Thursday, January 12, 2017

The Midnight Eyes' "Sexcalibur" and Pleasure Dome (1982)


The Midnight Eyes


Here's a surprising musical link between the television game show Family Feud and an obscure X-rated film.

Pleasure Dome VHS

Mark Richard Dawson, the son of Family Feud host Richard Dawson and actress Diana Dors, used to have a band called the Midnight Eyes that his father plugged on Family Feud and that also provided the soundtrack for a little-known X-rated film in 1982.

This film, Pleasure Dome (not to be confused with the 2008 Penthouse film of the same name), is about a woman who buys a magical devil mask that makes everyone have sex. It also summons a "demon knight" (according to the VHS packaging, that is—he looks like a regular knight) who appears in the woman's bedroom at the beginning and end of the film. The film's title has nothing to do with the story. 


The devil mask
The movie is nearly wall-to-wall sex but contains a ridiculous flashback scene in which a knight fights a dragon that is never shown. The flashback is supposed to explain the origin of the mask but doesn't make much sense.

Throughout the movie, the rock 'n' roll soundtrack by the Midnight Eyes plays, including a theme song called "Sexcalibur." Sexcalibur would have been a better title for the film than Pleasure Dome, but it might have already been taken—another film by that title was released in 1983. 

The Midnight Eyes' soundtrack is so prominent that when the credits roll, who do you think gets the first and most prominent credit? Hint: It's not director Dino D. Cimino or star Maria Tortuga.

The knight fighting the unseen dragon
The Midnight Eyes released only one record that I know of, the 1980 single "At the Roxy" (pictured above) on the Fire label. It contains the songs "At the Roxy," which names a lot of popular clubs around New York and Los Angeles, and "Sweet Susie." This is definitely the same Midnight Eyes that contributed to Pleasure Dome, because their music publishing company, Man-in-the-Moon Music, is listed in both the film and on the single. Also, the copyright information for "Sexcalibur" shows Dawson as co-writer: 


The copyright information for "Sexcalibur"

The lyrics of "Sexcalibur" don't have anything to do with sex apart from the refrain, "You can feel Sexcalibur!" The rest is about dragons and Merlin and knights and stuff like that.

Mark Dawson's Wikipedia page mentions the Midnight Eyes:  
A young Dawson appeared alongside his father on a few early episodes of Family Feud. He worked as an assistant to the producer Mark Goodson and as a showcase and question writer for The Price Is Right, Concentration, The Better Sex, Match Game and Family Feud. He was once introduced by his father on an episode of Family Feud to promote his band, The Midnight Eyes.
And according to this page of Family Feud quotations, Richard Dawson said in the aforementioned episode:
My son has a band called the Midnight Eyes. He has a marvelously pretty song called "Sweet Susie" and we should give it to you. You'd like it. Even if you don't, you should take it. We're stuck with about nineteen copies.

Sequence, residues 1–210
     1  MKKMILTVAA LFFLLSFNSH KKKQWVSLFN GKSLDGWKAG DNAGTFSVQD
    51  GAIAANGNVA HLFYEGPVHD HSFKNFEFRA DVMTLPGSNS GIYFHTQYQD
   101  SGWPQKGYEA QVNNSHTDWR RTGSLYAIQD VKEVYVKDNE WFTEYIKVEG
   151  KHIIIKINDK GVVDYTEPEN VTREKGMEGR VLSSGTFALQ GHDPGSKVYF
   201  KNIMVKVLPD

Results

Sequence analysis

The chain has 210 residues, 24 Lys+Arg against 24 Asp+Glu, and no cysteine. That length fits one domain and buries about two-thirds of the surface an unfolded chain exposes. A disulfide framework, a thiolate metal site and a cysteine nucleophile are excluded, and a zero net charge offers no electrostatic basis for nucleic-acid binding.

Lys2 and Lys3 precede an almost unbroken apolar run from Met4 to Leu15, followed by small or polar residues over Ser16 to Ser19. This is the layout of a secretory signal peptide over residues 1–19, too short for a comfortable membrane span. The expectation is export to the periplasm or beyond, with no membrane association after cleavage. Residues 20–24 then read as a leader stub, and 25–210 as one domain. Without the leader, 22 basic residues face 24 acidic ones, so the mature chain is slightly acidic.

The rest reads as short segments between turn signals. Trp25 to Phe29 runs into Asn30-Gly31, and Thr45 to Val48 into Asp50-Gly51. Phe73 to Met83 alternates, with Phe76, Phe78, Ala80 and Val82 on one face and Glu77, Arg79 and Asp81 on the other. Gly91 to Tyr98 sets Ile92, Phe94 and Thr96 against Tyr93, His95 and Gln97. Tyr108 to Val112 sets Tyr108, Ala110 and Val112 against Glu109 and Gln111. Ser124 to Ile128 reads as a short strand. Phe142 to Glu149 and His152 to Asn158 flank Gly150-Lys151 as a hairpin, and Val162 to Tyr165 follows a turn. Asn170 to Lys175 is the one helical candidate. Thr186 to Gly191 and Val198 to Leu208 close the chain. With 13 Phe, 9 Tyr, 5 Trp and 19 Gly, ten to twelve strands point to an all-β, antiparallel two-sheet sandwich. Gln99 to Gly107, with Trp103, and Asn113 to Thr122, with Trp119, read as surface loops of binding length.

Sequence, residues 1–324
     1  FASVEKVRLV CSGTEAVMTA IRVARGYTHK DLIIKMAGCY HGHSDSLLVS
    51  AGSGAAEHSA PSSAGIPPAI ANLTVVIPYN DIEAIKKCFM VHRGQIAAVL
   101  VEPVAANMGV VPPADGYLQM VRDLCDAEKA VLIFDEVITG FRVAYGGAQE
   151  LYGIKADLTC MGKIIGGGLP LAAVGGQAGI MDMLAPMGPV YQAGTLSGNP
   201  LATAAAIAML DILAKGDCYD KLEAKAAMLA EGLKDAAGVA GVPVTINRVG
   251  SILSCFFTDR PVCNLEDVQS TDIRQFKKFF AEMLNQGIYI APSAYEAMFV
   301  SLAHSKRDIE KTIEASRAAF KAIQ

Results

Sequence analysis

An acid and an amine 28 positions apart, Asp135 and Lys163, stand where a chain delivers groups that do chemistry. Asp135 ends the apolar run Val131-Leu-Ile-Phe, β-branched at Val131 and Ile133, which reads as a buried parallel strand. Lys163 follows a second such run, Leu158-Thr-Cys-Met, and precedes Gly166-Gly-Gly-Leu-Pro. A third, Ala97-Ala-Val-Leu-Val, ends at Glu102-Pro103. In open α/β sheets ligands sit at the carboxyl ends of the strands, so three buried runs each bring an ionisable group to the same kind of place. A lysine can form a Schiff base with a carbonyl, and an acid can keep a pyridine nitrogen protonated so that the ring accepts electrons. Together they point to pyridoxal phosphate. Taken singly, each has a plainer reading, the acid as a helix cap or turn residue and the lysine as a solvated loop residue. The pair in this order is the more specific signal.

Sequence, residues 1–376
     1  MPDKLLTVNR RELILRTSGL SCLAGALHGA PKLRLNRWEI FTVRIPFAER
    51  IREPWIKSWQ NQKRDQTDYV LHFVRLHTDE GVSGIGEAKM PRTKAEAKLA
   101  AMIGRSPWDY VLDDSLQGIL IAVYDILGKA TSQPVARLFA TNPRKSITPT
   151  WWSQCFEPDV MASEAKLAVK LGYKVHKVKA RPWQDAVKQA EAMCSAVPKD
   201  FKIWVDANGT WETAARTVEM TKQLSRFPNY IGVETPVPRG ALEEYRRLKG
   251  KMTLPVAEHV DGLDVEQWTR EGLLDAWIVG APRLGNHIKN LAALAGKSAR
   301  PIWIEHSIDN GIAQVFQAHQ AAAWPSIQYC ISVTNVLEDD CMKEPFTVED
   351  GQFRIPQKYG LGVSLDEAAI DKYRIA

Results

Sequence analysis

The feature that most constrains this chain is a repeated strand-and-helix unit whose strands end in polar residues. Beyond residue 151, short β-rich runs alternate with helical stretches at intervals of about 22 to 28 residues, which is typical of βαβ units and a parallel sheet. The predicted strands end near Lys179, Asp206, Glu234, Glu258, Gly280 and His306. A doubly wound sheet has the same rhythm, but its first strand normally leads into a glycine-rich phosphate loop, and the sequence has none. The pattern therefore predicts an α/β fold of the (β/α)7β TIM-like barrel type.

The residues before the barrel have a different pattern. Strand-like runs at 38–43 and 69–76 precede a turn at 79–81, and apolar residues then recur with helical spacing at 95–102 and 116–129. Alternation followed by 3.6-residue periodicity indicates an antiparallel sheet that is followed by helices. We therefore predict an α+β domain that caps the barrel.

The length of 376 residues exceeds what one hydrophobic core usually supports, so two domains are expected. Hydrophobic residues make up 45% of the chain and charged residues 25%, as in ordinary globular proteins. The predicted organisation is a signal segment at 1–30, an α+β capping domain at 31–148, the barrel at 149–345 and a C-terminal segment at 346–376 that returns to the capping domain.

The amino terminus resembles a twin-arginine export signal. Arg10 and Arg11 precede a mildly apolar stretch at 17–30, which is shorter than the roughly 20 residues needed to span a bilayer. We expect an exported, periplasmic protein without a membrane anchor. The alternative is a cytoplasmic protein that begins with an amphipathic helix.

The Midnight Eyes' discography on Mark Dawson's Wikipedia page lists the "At the Roxy" single but not the Pleasure Dome soundtrack. Nowadays, Dawson is CEO of DRZ Entertainment Group, which, among other things, manages the all-female Iron Maiden tribute band the Iron Maidens.


Credit screen from Pleasure Dome

Sunday, January 8, 2017

Music Weird's best albums of 2016




Some people are saying that 2016 was an unusually great year for music. I, on the other hand, felt like I had to work twice as hard to find half as many albums as I liked in 2015. Nevertheless, here are the ones I liked the most. Click on the album titles for more info.


1. Magic Potion – Pink Gum



2. Little Barefoot – Never Always




3. The Hairs – While I Hated Life, Barbarian



4. Tele Novella – House of Souls



5. Doombird – Past Lives



6. Frankie Cosmos – Next Thing



7. Eerie Wanda – Hum



8. Black Marble – It's Immaterial



9. Kakkmaddafakka – KMF



10. Vague – In the Meantime



11. Red Sleeping Beauty – Kristina



12. Peter Astor – Spilt Milk



13. Keeps – Brief Spirit



14. Day Wave – Headcase/Hard to Read



15. Seth Bogart – Seth Bogart



16. Lost Tapes – Let's Get Lost



17. Balue – Wavy Daze



18. Enemies – Valuables



19. Acid Ghost – WARHOL



20. Liquids – Hot Liqs


Some runner-ups are Goon Sax, Japanese Breakfast, Woods, Yumi Zouma, Work Drugs, Miniature Tigers, Chook Race, The Album Leaf, Motorama, and Worriedaboutsatan and the EPs by Lumnos. The final Allo Darlin' single was good too. 




Friday, January 6, 2017

Billy Joe Shaver's "I'm Just an Old [???] of Coal"




I noticed a few erroneous variations in the title of Billy Joe Shaver's song "I'm Just an Old Chunk of Coal (But I'm Gonna Be a Diamond Someday)" in some country music books the other day. If this blog had a "mildly interesting" tag, then this post would get it.

Shaver wrote the song for his 1981 album of the same name, and Jon Anderson had a Top 5 country hit with it the same year. 

These variations are just mistakes that were missed in editing—at least two of these books get the title right elsewhere. 

Country Music: The Rough Guide writes it as "lump" of coal on page 374:


Country Music: A Biographical Dictionary writes it as "hunk" of coal on page 8:


"Hunk" also appears on page 9 of The Big Book of Country Music: A Biographical Encyclopedia


I wondered if anyone accidentally wrote it as "piece" of coal and found one record retailer that did in a listing for a single by the Near Beer Band. (The label of the record itself shows the correct title.)